Released during COVID-19, The Last of Us Part II (TLOU2) tells a story in a world fallen to a pandemic. The subject matter certainly seems timely, but by itself, that doesn't mean much. Post-apocalyptic pandemic video games are a dime a dozen. There are a zillion titles out there that will let you spend 20 or 30 hours of game time mowing down zombies of one form or another while upgrading your weapons, health, and skills.

The sublime art of TLOU2

Now, don't get me wrong. The mowing down of zombies and the upgrading of skills common to many video games are just fine. Not every game has to be great art, just like not every movie you watch or novel you read has to be great art. There is, most definitely, a place in this world for mindless escape, entertainment, and fun. That's because — if you are into it — sneaking around some last-outpost-of-humanity while trying to take out dangerous zombies can be a delicious waste of time at the end of a hard day. But with TLOU2, there is all that and more.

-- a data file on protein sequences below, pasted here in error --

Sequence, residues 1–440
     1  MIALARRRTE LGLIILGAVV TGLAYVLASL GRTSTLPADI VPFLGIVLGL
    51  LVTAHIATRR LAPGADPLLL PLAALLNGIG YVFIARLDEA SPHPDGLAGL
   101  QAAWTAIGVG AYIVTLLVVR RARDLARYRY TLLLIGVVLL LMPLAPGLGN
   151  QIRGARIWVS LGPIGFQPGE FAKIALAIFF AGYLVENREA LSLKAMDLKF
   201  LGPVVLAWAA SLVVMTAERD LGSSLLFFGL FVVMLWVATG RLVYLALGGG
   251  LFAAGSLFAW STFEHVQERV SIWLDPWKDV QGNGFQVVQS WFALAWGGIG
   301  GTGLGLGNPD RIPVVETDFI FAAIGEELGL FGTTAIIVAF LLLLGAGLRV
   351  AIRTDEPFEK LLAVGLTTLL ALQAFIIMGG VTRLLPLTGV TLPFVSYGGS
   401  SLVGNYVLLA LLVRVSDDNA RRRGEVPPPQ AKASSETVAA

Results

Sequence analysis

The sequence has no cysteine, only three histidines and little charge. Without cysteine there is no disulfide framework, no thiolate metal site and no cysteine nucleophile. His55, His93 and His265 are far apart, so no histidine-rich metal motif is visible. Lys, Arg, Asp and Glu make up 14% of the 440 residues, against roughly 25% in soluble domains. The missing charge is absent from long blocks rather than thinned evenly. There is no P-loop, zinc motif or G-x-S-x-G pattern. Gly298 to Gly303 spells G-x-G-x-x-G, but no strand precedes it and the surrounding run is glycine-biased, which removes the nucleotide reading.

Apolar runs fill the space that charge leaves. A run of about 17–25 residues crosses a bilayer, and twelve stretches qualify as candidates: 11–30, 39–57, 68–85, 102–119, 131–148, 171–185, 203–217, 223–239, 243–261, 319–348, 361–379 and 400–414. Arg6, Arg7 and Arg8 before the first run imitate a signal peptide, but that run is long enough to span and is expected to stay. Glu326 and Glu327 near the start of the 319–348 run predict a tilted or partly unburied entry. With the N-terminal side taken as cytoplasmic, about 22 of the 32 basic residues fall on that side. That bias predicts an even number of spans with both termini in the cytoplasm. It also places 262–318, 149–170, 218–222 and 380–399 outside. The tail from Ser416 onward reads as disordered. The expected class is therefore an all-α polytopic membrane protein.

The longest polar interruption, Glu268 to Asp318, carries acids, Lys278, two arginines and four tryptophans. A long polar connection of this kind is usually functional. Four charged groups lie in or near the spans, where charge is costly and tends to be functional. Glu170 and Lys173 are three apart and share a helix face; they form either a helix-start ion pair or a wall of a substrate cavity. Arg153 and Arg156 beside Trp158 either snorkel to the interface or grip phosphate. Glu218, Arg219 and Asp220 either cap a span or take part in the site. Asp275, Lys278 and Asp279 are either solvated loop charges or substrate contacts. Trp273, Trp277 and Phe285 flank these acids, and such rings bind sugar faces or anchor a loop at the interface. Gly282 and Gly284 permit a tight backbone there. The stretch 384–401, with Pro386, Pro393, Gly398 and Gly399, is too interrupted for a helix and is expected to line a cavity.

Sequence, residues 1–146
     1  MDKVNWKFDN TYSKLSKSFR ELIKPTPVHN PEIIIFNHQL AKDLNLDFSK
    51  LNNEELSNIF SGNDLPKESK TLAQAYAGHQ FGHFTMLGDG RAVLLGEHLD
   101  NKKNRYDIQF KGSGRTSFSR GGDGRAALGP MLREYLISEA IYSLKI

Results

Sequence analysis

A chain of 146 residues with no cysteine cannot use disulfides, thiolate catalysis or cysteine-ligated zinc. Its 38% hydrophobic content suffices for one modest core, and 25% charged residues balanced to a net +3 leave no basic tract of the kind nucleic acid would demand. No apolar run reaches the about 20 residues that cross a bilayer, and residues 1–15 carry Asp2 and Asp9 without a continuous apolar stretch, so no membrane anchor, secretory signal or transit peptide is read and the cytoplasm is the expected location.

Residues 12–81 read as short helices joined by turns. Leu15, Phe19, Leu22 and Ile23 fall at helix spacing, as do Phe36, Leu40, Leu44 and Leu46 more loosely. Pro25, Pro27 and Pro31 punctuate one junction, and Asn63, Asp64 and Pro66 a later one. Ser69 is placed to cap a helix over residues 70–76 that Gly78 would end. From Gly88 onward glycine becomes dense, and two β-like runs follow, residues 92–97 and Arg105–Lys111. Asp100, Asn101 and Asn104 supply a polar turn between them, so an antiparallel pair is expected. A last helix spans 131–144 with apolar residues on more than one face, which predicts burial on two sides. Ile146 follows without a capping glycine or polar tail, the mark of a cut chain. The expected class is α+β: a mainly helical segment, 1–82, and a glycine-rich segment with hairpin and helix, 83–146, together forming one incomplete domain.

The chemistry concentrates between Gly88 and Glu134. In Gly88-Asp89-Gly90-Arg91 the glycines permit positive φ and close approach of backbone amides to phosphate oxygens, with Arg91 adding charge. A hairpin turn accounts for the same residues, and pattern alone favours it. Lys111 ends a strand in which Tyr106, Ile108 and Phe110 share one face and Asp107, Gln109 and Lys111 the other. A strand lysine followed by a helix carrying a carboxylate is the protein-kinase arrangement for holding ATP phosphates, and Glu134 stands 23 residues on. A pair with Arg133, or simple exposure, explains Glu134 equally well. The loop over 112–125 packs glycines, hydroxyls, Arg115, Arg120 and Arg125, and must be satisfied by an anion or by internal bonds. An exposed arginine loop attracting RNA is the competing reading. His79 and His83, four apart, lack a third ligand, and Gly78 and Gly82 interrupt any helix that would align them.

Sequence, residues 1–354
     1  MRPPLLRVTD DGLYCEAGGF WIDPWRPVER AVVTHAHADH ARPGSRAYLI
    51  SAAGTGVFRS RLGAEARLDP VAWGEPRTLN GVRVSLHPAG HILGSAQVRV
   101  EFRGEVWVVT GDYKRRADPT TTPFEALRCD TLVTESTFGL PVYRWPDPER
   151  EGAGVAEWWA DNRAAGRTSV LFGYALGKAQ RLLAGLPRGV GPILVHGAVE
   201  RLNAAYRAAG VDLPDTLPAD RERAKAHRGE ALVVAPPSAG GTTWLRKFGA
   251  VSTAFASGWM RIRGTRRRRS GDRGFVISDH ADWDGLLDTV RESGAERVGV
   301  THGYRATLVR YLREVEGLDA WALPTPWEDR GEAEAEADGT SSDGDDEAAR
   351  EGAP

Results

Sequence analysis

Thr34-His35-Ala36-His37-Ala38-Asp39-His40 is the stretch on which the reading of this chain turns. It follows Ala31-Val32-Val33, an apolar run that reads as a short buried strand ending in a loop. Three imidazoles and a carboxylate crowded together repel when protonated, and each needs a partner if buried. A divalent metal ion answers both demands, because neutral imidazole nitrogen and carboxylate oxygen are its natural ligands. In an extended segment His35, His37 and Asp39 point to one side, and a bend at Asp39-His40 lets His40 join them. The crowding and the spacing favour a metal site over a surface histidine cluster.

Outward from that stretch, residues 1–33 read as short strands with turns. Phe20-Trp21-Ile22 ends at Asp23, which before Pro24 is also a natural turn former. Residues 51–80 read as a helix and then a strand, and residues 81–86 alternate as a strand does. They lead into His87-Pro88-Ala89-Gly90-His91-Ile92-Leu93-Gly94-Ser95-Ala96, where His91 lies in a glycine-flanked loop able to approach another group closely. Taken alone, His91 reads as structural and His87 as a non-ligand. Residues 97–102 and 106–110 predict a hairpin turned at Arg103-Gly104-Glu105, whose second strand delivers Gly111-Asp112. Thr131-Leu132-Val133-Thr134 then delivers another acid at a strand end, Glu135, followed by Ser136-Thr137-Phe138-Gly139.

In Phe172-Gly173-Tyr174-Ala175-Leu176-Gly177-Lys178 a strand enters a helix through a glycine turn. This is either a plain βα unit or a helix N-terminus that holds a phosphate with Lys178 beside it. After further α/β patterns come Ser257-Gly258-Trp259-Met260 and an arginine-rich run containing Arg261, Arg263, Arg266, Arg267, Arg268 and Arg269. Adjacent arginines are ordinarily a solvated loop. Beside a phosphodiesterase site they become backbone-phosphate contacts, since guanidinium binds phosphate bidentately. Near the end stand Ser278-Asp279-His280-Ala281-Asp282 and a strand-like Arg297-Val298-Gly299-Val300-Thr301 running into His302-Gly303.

The creators of TLOU2 take players on a difficult, exhausting journey through the consequences of violence.